as supporters and opponents of president mohamed morsi demonstrate ahead of a saturday vote on a measure giving morsi sweeping new powers. >>> they are digging out in the upper midwest after the first major snowstorm of the season. some areas got slammed with more than a foot and a half of the white stuff. >>> that's good news to the folks in coleman, wisconsin. they got almost no snow last year. but now snowmobile enthusiasts and other outdoor types can't wait for those trails to open up. i like snow. >> you can have it. >>> here's a look at your weather today. blustery in fargo and minneapolis. could see flurries. showers along the southeast coast. severe weather is a threat in central florida. sunny in the southwest. >> 15 degrees cooler in the northeast with new york city in the 40s. dallas looks very pleasant at 55. kansas city, in the mid 40s. >>> last week we noted it wasn't looking good when it came to the nhl's ongoing labor dispute. and now breaking news, still ain't looking good. in fact, the league yesterday canceled all of its nhl games through december 30th. more than 40% of the r
. mohammed, give us a sense. this is a pretty big fish for somebody to be leaving,nd i imagine he has valuable information as well being somebody part of the military police. >> reporter: that's right, suzanne. he identifies himself as a major general, that he's the chief of military police in syria. we spoke earlier with rebel free syrian army spokespeople. they said this was the man he claimed to be. the free syrian army helped to shuttle him to safety. it was a very difficult journey getting him from inside syria into neighboring turkey. it took far longer than they thought it would, and they were willing to help. other military officials wanted to defect for a certain amount of time longer. yes, as you said, if this turns out to be true and this man is as high-ranking as he said he is, this is a big blow to the regime. there's more and more high level defections the last several months. the fact more and more are coming seems to suggest he's losing more of a grip of power in syria. this is he not what they want out there when you have the u.n. and arab league enjoy trying to negot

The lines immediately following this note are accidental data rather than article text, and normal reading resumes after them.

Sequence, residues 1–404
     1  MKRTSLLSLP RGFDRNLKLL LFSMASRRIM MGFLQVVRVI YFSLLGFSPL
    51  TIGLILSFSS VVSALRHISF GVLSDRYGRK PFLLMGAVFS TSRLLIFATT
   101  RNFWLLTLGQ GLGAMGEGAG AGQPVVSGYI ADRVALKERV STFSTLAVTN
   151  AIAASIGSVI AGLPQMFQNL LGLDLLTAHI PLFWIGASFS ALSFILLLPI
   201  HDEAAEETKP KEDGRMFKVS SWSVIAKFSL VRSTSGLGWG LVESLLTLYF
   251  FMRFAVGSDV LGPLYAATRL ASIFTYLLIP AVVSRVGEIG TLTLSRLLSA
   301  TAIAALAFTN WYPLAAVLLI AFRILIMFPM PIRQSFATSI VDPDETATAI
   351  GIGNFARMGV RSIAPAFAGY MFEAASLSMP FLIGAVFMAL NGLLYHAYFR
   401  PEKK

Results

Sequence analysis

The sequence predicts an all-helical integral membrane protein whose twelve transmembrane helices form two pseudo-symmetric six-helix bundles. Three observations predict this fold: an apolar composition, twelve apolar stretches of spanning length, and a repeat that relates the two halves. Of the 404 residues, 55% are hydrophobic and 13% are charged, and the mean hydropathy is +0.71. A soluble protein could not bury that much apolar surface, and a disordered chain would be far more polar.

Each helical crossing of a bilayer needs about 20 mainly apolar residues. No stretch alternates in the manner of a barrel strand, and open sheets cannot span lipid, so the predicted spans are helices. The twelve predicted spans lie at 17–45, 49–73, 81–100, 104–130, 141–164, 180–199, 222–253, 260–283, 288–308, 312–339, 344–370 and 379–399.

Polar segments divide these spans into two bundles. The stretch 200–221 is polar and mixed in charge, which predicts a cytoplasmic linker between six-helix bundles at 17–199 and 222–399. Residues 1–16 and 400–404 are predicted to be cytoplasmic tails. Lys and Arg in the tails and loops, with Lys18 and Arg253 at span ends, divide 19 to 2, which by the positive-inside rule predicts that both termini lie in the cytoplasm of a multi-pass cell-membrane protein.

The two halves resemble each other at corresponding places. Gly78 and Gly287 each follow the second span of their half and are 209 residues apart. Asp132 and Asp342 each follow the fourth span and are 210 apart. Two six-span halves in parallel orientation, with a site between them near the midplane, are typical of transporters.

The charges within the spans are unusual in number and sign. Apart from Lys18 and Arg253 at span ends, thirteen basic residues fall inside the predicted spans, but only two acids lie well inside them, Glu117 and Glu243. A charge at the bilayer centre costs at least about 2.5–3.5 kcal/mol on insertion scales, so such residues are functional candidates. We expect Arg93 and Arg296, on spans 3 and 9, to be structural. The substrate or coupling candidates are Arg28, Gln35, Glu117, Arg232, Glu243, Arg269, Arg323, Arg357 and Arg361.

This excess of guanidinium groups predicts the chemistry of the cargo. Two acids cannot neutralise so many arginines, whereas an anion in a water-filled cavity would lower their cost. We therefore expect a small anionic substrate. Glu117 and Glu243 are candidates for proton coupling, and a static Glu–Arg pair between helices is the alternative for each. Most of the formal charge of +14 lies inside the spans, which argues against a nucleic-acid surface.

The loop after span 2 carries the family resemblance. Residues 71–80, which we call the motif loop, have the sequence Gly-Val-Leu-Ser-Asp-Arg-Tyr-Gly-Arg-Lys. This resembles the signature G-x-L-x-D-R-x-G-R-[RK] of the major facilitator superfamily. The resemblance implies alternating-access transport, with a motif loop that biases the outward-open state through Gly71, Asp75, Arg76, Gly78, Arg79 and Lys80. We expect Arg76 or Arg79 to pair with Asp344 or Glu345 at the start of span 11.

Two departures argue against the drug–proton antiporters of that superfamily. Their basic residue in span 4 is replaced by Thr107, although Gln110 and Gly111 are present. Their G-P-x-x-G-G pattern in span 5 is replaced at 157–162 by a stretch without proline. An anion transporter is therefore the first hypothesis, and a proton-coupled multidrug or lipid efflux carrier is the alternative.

them. gregg: and to egypt now. president mohamed morsi is reportedly putting a second decree forth. he's putting his newly-approved constitution into effect. voters approving the islamist-backed constitutions by what an election official calls a nearly two to one margin. protesters have broken out over the constitution since it was passed by the islamist-controlled legislature. opposition members say it does not protect the rights of egyptians for the rest of the year which ousted former form e president hosni mubarak. patti ann: well, a top syrian general has reportedly switched sides to join the opposition. the military police leader made the announcement in a video. dozens of officers have defected since the crisis evolved last march, but this is one of the most senior. could it be a turning point? joining us now, navy captain chuck nash. thanks for being with us. how significant is this defection? >> well, i think it just shows that the tower's crumbling around assad, and it's certainly not good for him, and it's going to make those who are supporting him question his staying power